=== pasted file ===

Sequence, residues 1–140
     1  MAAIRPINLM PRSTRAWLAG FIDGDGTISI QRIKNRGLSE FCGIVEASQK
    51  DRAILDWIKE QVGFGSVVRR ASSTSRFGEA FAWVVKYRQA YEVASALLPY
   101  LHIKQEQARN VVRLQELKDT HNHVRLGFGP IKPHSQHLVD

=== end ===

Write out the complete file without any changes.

Sequence, residues 1–140
     1  MAAIRPINLM PRSTRAWLAG FIDGDGTISI QRIKNRGLSE FCGIVEASQK
    51  DRAILDWIKE QVGFGSVVRR ASSTSRFGEA FAWVVKYRQA YEVASALLPY
   101  LHIKQEQARN VVRLQELKDT HNHVRLGFGP IKPHSQHLVD